The second reason we don’t do it is we feel inadequate. Honestly, don’t you? Part of you are thinking, “Yeah, maybe I should. I see this in this in this person’s life but, you know, this is like the kettle calling the pot black. I mean, who am I to speak into another person’s life? I mean, I struggle with this and this and this and this and…” Well, I’m going to talk about that. But at least go through the logic.
If you wait until you’re perfect to speak into another person’s life, when will you speak? No time soon. Now, there are some competencies, prerequisites before you speak, but you’re adequate. In fact, having to speak will cause you to grow.
Third, we don’t know how. I think this is one of the big ones. I mean, you feel it, you’re emotional, “I’ve got to say something, but I don’t know how! I just don’t know how! What do I do?” We’re going to tell you very specifically how to do it.
So, at this point, in that wrestling match in your mind, I’m praying that God’s winning and that you’re getting to the point where that person, that friend, coworker, that child, that person you’re in ministry with, that person that has drifted away, that person that is involved in an illicit affair, that person that you know is struggling in an area…
I’m praying that if you’re right at the point now where you’re saying, “God, okay, I don’t want to do this, You know I don’t want to do it, but You commanded it, this is the most loving thing I could do. God, if You will show me how, I am open. But I feel inadequate. What do You want to do in me first? How prepared do I need to be?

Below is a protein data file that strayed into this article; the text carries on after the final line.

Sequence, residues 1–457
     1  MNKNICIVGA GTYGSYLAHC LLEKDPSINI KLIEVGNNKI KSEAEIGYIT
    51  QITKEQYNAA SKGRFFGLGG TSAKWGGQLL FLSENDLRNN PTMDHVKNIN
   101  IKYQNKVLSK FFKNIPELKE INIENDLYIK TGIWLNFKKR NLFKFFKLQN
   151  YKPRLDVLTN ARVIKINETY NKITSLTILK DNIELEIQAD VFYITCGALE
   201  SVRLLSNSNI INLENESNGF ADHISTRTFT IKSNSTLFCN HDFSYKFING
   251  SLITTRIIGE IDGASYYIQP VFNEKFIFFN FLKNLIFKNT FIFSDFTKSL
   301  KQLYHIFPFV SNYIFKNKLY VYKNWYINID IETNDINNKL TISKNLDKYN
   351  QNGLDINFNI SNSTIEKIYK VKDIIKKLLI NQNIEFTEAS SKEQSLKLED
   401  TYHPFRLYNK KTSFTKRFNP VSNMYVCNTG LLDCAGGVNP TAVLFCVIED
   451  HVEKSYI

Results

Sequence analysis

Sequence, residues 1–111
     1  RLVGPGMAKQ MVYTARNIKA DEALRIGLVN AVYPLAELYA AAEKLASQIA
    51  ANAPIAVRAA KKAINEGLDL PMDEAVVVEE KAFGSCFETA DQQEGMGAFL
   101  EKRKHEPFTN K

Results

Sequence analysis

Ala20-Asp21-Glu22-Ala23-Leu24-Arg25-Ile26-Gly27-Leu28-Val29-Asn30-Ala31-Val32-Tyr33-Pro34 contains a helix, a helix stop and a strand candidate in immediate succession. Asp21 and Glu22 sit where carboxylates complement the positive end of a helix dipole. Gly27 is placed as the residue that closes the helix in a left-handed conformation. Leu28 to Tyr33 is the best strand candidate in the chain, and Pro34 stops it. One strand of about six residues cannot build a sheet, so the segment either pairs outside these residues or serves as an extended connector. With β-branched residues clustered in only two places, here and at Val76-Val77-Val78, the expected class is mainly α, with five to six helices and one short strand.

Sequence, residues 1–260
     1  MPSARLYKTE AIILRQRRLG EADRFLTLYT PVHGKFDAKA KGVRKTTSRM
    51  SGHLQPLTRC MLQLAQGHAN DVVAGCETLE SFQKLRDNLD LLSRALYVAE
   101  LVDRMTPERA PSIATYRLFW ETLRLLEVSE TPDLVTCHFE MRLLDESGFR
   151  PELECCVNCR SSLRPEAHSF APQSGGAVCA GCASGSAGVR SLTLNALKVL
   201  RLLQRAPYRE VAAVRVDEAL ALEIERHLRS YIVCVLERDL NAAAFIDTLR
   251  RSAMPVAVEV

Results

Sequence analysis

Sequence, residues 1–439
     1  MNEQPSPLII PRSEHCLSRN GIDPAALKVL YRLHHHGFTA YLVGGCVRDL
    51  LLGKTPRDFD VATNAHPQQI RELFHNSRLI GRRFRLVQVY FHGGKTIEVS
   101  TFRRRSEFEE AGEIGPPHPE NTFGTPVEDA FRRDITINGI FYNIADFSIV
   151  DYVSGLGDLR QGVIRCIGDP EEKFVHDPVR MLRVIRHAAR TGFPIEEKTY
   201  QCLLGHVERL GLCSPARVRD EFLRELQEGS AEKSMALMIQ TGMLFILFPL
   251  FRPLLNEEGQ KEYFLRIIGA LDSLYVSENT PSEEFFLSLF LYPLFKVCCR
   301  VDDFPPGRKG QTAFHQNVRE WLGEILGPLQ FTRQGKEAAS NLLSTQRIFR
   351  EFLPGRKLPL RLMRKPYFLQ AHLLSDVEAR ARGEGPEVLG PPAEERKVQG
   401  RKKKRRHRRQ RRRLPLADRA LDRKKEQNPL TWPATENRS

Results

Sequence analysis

The question then becomes, “Who is really competent to admonish?” From Romans 15:14 and from the rest of the New Testament, I think there are three characteristics, before you go out and speak to anyone, these three things need to be a part of your life and your experience.
First, it requires a life full of goodness. Did you see that in the line? He says, “I’m fully convinced that you are,” what? “full of goodness.” This term, in general, means that we are living a holy, righteous life. The idea is that we are going to clean up our own act before we’re going to move into another’s life and clean up theirs.
Now, a classic passage on this is usually misquoted and even worse, it’s misapplied. Jesus’ words, our culture has got this one down though. Matthew 7, right? 3 through 5. “Who are you,” right? “Who are you to take the speck out of your brother’s eye when you have a log in your own eye?” Right? We have heard that.
So, anytime you go to anyone and you say, “You know, I really need to talk with you. I’ve observed some things and I don’t mean they’re my opinions, this is black and white. This is really clear in the Scripture. I want you to know I love you.”
And the immediate response is, “Who are you to speak into my life?”